A White Sox offense that slumped its way through much of a 2-8 stretch to close out the regular season would look a lot better if Luis Robert and Yoán Moncada snapped out of their deep September slumps.
Well, they might be doing just that. And the timing couldn't be better for the White Sox.
The playoffs start Tuesday, and the White Sox biggest task isn't necessarily solving the Oakland Athletics, their opponents for the AL Wild Card Series. It's solving themselves. After spending much of the regular season with one of the best, if not the best offense in the American League, a disastrous seven-game road trip through Ohio was a different story entirely. The White Sox scored just 22 runs on the trip, going 1-6. Then they came home and were blanked by the Crosstown-rival Cubs in a 10-0 blowout Friday night.
A lineup that was discussed as having no holes throughout much of the campaign was suddenly full of them as Robert and Moncada went cold and season-long slumps continued for Edwin Encarnación and Nomar Mazara. Even MVP candidate Tim Anderson wasn't immune, going 3-for-33 over his final nine games and losing 55 points from his batting average over his final 11.
But Robert and Moncada showed some mighty positive signs during the series against the Cubs.
Heading into the Crosstown series, Robert was 0-for-his-last-26 and owned a September batting average of .086. But he went 5-for-12 with three runs scored, an RBI, a stolen base and a walk against the Cubs. When he woke up Friday, Moncada had just three hits in his previous 37 at-bats. Over the weekend, he went 3-for-12 with a three-run homer, four runs scored and a pair of walks.
None of that is necessarily tearing the cover off the ball, but it could be a good omen for what these dangerous bats could be capable of against the A's and, the White Sox hope, beyond.
Robert is going through the kinds of adjustments that any player would be expected to deal with in his first season in the major leagues. Pitchers adjusted to Robert after he started his rookie year with a bang, and he looked mystified through much of the past month.
"This month, I didn't get the results I was getting the first month. But I kept working and the last few days I feel better," Robert said through team interpreter Billy Russo after Sunday's game. "Sometimes when you hit a wall, sometimes when you're struggling, you try to change your approach or your mindset at home plate and that makes things worse. I just try to stay with myself, with my plan, and now I feel much better."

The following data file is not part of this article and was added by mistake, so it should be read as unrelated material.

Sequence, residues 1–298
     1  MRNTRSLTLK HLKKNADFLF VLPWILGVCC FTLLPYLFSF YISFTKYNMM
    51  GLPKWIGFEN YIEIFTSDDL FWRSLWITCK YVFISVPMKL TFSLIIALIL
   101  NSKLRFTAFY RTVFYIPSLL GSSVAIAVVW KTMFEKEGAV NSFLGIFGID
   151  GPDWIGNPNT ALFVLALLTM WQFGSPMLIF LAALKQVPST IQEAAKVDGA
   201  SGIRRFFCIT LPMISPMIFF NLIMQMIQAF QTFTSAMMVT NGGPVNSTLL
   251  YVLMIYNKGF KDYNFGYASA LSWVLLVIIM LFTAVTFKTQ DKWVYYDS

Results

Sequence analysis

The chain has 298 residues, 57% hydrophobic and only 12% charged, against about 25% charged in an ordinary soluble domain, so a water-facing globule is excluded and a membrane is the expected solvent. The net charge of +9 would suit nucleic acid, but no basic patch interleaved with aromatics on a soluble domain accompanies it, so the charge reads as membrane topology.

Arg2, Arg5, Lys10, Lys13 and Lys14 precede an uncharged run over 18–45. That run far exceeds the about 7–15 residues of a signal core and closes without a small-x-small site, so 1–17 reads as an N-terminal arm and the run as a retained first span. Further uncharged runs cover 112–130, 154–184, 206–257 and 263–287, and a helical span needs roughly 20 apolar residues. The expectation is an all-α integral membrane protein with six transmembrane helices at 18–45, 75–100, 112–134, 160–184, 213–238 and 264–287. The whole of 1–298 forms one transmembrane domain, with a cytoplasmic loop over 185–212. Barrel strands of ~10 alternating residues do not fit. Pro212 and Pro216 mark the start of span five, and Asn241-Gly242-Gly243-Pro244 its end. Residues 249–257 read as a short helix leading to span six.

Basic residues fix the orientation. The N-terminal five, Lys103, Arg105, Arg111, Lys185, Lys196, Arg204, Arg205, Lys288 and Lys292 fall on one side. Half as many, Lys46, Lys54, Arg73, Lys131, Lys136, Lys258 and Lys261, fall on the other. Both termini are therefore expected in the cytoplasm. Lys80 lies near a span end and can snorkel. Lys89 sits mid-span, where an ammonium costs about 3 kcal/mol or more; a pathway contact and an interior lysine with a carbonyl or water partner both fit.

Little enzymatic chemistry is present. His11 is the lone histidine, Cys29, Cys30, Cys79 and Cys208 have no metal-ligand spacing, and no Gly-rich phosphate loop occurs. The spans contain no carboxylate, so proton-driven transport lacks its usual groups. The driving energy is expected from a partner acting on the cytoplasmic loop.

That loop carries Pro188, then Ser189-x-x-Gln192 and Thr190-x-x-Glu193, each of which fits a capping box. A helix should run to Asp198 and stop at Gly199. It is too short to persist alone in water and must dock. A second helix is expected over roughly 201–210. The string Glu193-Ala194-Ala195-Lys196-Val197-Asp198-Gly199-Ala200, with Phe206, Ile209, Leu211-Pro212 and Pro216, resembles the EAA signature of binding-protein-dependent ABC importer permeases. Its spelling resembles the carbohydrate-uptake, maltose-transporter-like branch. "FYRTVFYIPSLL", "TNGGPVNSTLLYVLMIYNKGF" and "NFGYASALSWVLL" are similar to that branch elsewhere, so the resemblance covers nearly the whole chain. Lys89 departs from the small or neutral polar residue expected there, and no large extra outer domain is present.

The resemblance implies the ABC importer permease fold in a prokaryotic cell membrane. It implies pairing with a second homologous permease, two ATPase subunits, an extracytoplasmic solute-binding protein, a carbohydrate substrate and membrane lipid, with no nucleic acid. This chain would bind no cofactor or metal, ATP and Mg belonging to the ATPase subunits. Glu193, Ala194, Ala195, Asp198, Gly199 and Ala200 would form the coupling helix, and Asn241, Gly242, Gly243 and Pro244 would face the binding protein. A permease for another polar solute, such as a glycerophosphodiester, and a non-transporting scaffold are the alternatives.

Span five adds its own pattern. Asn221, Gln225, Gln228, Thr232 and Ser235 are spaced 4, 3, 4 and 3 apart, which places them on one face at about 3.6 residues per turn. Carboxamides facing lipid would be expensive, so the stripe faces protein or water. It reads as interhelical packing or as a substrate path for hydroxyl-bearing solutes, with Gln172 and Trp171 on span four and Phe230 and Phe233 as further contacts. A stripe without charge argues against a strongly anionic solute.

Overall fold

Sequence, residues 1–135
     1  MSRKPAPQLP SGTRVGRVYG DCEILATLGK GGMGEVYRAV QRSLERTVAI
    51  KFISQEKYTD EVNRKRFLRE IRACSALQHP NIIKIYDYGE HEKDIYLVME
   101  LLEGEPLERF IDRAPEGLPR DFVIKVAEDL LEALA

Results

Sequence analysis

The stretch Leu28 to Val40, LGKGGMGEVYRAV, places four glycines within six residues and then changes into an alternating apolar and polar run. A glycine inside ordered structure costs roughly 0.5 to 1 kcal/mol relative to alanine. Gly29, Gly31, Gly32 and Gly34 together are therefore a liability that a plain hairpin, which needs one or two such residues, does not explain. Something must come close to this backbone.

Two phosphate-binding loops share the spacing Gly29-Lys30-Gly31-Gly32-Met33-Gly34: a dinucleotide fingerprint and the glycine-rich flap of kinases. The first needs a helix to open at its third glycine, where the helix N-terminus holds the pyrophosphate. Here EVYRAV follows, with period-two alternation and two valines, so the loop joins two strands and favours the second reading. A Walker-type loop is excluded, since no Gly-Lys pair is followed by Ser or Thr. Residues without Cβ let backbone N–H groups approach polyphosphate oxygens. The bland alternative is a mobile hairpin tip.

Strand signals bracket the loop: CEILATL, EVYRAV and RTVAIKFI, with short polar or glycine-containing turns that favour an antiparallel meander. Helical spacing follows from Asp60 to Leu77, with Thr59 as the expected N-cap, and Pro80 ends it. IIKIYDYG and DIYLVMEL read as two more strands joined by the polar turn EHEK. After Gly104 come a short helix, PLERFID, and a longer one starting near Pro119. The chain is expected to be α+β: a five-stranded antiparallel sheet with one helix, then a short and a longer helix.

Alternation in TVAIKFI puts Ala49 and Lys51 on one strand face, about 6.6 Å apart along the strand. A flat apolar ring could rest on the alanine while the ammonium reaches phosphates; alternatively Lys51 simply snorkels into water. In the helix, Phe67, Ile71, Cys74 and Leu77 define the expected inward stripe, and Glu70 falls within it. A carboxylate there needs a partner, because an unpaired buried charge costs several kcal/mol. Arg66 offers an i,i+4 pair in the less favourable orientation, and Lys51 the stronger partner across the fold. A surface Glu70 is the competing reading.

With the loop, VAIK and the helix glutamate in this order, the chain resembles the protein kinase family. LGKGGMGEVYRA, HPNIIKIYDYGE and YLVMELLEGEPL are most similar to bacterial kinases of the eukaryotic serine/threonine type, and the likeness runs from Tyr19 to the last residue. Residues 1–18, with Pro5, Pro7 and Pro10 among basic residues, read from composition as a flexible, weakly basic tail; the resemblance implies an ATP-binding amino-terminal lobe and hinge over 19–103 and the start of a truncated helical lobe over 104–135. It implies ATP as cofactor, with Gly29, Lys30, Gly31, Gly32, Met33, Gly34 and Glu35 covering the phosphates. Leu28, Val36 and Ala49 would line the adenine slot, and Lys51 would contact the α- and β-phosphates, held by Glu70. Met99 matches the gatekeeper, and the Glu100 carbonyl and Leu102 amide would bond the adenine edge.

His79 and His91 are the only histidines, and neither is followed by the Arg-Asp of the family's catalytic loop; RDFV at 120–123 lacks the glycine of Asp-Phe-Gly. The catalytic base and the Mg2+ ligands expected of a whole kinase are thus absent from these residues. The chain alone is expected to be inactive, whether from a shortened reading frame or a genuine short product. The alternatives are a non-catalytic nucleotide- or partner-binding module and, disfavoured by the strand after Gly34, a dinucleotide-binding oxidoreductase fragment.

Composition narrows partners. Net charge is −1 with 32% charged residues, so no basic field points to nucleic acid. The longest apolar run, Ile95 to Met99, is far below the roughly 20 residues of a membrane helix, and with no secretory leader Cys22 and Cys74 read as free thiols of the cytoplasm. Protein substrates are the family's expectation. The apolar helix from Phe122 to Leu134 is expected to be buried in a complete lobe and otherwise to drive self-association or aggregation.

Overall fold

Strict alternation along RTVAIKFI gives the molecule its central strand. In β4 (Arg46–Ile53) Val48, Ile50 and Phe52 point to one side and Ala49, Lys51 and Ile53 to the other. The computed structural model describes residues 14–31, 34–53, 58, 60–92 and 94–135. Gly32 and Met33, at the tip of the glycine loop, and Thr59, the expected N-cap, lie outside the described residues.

"I’m optimistic that what he showed (Sunday) was what we needed to see," manager Rick Renteria said. "His swings he was taking (Sunday) are not timid, they were very confident. I think that — I don’t want to jinx it — it looked good."
The White Sox could certainly use Robert returning to the form he showed during his first 33 games in the majors, when he slashed .298/.348/.612 with 10 homers and 24 RBIs. That would add some much needed heft to a lineup that will see nothing but the kind of high-end pitching it did over its final 14 regular-season games, which all came against playoff teams.
"We need him. We need him to be the player that we all saw that he can be in the middle of this season and the player we know that he can be in the future," first baseman José Abreu said through Russo last week. "We all know he's going to be a superstar, and we need him. It's not a joke, he's a very important player for us, and we need him to find his stride again and help us because the race is not going to get any easier. We need him."
Moncada's lack of production at the plate has been for a much different reason than Robert's.
"Definitely my body hasn’t felt the same after the virus," he said through Russo at the beginning of September. "I feel a lack of energy, strength, it’s just a weird feeling. It’s different. When I got to Chicago, before I tested positive (for COVID-19), I was feeling strong and with energy.
"Now, it’s like a daily battle to try to find that strength, that energy to go through the day. But that’s something that I have to deal with, and it is what it is. I have to find a way to get through it."
Frankly, it's amazing, after hearing Moncada describe what his life has been like since his COVID-19 infection, that he's done what he has this season. There was no more stark reminder of what he's dealing with on a daily basis than seeing Renteria fanning an exhausted Moncada with a towel after he tripled and scored on a ground out last week in Cleveland.
Somehow, Moncada has found that energy. Saturday night, he homered for the first time in a month and a half. Who knows how deep he'll be able to keep digging now that playoff intensity gets added to his daily battle. But if he contributes some more production, the White Sox will be in an even better place, offensively.
"I've been feeling better for the last two weeks, more energy, better overall," Moncada said Saturday. "I am still having the effects of the corona but I feel better, and every day I feel like my energy level is improving and I'm going to be good for the postseason."
If both Robert and Moncada can flip their September scripts for the postseason, then the White Sox will be a lot closer to what they were when they were blasting balls all over the place in the middle of the campaign and the misfortunes of the last 10 games will be a lot easier to put behind them.
There are signs of a turnaround. Now, it needs to happen. And fast. Because there's not much time to feel things out in a best-of-three series with the season on the line.